Saturday, August 05, 2006

A great little hostel and a big fake army

I am sitting at a cafe and there is a person two seats away just looking bored and watching the middle of Gang's of New York. Its actually very hard for me to not talk to her. I mean, I am actually physically resisting asking her where she is from and what she does. Earlier there was a guy there and I couldn't resist, I ended up talking to him for a half-an-hour.
But I am trying to talk less, at least a little while.

PTI: I did not ask her anything, despite her looking incredibly bored. After that an American guy sat down with a book on China and I had to ask him about it. Luckily another person came and started talking to him, so I could get out of a conversation.

PTI: I just had a long conversation with the neighbors, I just can't help it. One is a New York private school teacher, and his school sounds truly great. He is very nice, and very interesting. His English friend is also very personable and

PTI: Another, even longer conversation. I can't have people say they are living in Korea and teaching without me starting long conversations. Also the English friend turned out to be a progressive education director of some sort, who told me a great deal about this

My hesitation to conversation is that I have just been talking to so many people, about ninety percent of those in Chinese, that I just get sick of it. Not just the Chinese but the speaking. Especially after the same basic conversation six times a day. Luckily I usually hang out with one person for a long period of time, so conversation gets deeper, but I have still done a certain set of conversations way too much.

PTI: Now I am getting talked to by some guys practicing their English. I love the question "Do you speak Chinese?" which I answer yes, followed by "Oh really? So, you speak a little?" I now I sound arrogant, and I know it will very well may all go away when I leave here (man I don't want that to happen, but I think I will subscribe to Chinesepod and keep working even if it kills me).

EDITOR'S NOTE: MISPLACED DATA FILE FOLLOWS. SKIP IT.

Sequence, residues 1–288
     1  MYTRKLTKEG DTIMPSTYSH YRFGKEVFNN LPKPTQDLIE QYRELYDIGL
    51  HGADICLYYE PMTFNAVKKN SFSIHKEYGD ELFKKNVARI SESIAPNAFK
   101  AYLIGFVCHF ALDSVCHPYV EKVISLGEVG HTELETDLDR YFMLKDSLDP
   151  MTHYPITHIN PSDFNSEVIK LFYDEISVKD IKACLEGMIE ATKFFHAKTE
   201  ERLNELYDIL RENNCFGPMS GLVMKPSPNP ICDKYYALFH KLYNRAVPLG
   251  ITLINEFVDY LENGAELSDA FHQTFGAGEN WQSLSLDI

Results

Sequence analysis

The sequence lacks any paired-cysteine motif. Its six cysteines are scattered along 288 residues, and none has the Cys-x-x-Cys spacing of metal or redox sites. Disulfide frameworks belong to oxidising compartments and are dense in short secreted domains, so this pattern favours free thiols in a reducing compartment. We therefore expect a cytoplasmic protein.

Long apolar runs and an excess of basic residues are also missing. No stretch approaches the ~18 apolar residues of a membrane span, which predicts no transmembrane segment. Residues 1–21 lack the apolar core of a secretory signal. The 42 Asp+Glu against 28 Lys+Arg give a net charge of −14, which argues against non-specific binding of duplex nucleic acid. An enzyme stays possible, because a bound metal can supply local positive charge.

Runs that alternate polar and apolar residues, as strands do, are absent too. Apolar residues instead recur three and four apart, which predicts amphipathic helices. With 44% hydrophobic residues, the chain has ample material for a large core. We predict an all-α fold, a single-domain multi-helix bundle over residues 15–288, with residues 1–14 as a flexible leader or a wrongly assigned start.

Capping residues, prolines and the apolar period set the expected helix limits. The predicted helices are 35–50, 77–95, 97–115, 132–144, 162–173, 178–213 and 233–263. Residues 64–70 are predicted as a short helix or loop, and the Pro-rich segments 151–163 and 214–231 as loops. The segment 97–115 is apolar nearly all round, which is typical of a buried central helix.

PTI: This is a hard conversation to write. I ended up in yet another conversation with strangers, this time Spanish travelers (and no, not in Spanish, I can barely speak a little, though they have said a few Spanish sentences to me when they could not explain in English). I have been here for like five hours at this couch trying to write this stupid blog entry. In summary, I can't not talk to people, even when that is a specific goal.

That said, this hostel is really great, a great community, wireless, good food. I am very impressed, but I did not get out to see Xi'an a little like I planned (I might still, but I am determined to write this first).
The warriors were very strange for me. Although they were interesting, the biggest question was not why were they here, but rather, why are we here? The tourists were all over that place, so of course, what is the draw?
Ultimately, who was Qin Shi Huang, the first emperor of China? From the warriors, the man is definitely looking like the vainest, most arrogant man to step on the planet. He is building great walls, hidden armies, and burning vast amounts of books. His name has existed for two centuries as China. Yet really, he was probably kind of a dick.
This is written from far to ignorance, but the warriors alone speak to an arrogance that is out of control. Yet here people are, in droves, an extensive economy has been created by those stone men alone. Are we celebrating the accomplishment of the 700 thousand some people who worked on the project? Are we empathizing with the solders who fashioned themselves into an eternal army? Are we admiring the emperor himself who felt he was worthy such a tomb?
No question, a non-answer seems appropriate. Just saying, "well it sure is something to see right?" seems like an appropriate answer. However, how did it become such an answer, its mass, its complexity, its oddity or something else?